Flying the Flag for South African Art

  • Posted: Nov 25, 2013

Following a highly successful South Africa-France Season in 2012, relations with France is once again a key focus. A Portrait of South Africa – George Hallett, Peter Clarke & Gerard Sekotois an exhibition of photographs, paintings and works on paper by these three prominent South African artists. Curated by the Iziko South African National Gallery, this exhibition is currently on view at the Cité internationale des arts in Paris.

South Africa has had a long and firmly entrenched historical connection with France. Against the backdrop of this multi-faceted association, the South Africa–France Season 2013 is the perfect opportunity for Iziko Museums of South Africa to showcase works from the Iziko South African National Gallery’s collection at the Cité internationale des arts, Paris.

A Portrait of South Africa: George Hallett, Peter Clarke & Gerard Sekotois a pioneering initiative to bring international audiences to the work of three eminent artists, who used art as an expression of resistance and as a record of the turbulent times in South Africa’s history. The works were drawn from public, corporate and private collections around South Africa and provides insight into the ways these artists view the country of their birth. Particularly areas such as Sophiatown, Eastwood, District Six, and Simon’s Town – all vibrant and cosmopolitan areas destroyed by the Group Areas Act - are featured in these artists’ work. Although their work is very different, all three were acquainted with one another and all, at some point, met one another in France.

We welcome the opportunity to showcase a small selection of these South African artists’ work. This exhibition provides a significant glimpse into ‘Black’ life during and after the apartheid years, as seen from an ‘insider’s’ perspective and told in a most poetic manner. Their works provide social and political commentaries that are fragments of untold South African stories revealing important aspects of a broader South African narrative, which must still be further explored, both within and beyond our borders. We feel very privileged to be able to offer visitors this glimpse.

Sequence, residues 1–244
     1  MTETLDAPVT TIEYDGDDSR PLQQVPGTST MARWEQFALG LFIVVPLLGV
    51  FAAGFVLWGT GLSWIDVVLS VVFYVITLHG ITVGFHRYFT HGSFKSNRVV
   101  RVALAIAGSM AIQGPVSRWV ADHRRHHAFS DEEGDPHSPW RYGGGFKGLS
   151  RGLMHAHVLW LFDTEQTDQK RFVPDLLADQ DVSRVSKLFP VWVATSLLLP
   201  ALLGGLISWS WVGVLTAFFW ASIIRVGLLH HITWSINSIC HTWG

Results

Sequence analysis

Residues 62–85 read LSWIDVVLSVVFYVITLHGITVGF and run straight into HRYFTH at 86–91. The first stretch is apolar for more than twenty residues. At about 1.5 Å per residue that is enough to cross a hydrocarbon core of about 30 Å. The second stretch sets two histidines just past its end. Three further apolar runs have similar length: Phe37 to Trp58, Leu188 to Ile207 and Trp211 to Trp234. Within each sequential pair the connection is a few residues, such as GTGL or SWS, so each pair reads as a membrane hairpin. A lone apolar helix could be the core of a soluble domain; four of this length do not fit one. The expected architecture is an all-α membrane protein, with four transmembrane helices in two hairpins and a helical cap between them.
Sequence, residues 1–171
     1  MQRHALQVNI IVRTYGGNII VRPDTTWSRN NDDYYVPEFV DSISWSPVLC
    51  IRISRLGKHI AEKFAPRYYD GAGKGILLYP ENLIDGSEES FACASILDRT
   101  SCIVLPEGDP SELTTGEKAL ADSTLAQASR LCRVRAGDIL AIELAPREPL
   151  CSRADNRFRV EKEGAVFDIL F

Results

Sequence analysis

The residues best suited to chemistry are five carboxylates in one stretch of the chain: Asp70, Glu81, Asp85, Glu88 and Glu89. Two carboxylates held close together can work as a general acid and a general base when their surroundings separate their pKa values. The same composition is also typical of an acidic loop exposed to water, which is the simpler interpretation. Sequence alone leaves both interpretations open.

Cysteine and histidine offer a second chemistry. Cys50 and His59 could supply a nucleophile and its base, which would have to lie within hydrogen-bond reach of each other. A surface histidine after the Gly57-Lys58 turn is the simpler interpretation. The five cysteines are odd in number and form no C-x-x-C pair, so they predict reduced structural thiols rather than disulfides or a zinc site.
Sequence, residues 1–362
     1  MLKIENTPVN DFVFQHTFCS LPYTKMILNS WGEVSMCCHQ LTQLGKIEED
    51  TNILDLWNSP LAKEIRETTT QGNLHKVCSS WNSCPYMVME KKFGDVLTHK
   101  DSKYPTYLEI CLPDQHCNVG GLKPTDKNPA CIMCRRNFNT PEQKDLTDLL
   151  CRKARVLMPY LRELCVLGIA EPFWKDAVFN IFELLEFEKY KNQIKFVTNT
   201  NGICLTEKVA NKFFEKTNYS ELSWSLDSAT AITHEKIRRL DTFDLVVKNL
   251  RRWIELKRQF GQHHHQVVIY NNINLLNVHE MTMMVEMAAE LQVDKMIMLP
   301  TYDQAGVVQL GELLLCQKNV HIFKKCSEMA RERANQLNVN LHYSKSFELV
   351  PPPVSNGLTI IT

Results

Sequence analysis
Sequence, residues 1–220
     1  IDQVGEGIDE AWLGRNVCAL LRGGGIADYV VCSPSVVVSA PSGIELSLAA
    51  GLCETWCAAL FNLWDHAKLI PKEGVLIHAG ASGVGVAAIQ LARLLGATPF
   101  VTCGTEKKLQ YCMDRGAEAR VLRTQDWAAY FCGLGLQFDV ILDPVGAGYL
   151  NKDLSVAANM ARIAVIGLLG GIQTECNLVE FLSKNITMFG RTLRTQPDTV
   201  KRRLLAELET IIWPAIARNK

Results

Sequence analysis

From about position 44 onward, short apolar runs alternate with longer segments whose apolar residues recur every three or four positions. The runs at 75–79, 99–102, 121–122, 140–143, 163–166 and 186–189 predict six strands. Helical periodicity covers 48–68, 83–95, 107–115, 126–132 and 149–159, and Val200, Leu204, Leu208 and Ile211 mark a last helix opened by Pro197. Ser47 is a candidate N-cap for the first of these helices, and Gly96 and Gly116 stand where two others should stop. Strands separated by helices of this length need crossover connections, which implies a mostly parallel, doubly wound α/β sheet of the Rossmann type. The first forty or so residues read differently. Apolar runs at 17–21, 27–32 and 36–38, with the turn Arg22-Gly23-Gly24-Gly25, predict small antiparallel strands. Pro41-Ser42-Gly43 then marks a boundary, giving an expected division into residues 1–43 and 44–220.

Iziko Museums of South Africa is one of the oldest museums on the African continent with rich collections representing our diverse artistic, social and natural heritage. We strive to promote creative thinking, scholarship, learning, innovation and knowledge exchange. In keeping with our country’s transformation imperatives, we also seek new ways of thinking about heritage and culture and re-imagining the role of our museums in the 21st century. As we continue to reflect on our diversity as a South African nation, museums like Iziko have a central role to play in weaving a unique South African story. We are proud to be part of a conversation between nations that showcases just a few of these stories – some of which are difficult to unpack and share. However, I believe our artists and curators have succeeded in providing a vista of our country’s painful pastthrough this show, which seeks to increase our understanding of these complex times. On the eve of our nation’s 20 years of democracy celebrations, we are honoured to be able to share the artistic heritage of our nation with South Africans and the global community alike.

The unqualified support from the Cité internationale des arts has made this exhibition in Paris a reality. Our thanks must also go to the public, corporate and private lenders who have so readily loaned important works. Without their generosity, this exhibition would have been all the poorer.

We have worked closely with our fellow national Department of Arts and Culture agency, the National Arts Council (NAC) in Johannesburg, which generously made funds available for the exhibition and provided technical support. The French Institute in Paris must be separately thanked for driving the project, and for going beyond the call of duty. We worked with both organizations on the French Season in South Africa in 2012. The King’s Map: François le Vaillant in Southern Africa 1781–1784 and the Rendez-vous 12 exhibitions took place to great acclaim and tremendous interest at the Iziko South African Museum and Iziko South African National Gallery respectively. These exchanges in art and culture are most valuable in creating a shared understanding between nations.

The exhibition closes on 27 November 2013. It has been made possible through generous funding provided by the Department of Arts and Culture through the National Arts Council, as well as the Institut francais in Paris.I would like to express my appreciation to the artists and their representatives, curators and all contributors to this project for making it a success.

Rooksana Omar

CEO, Iziko Museums of South Africa


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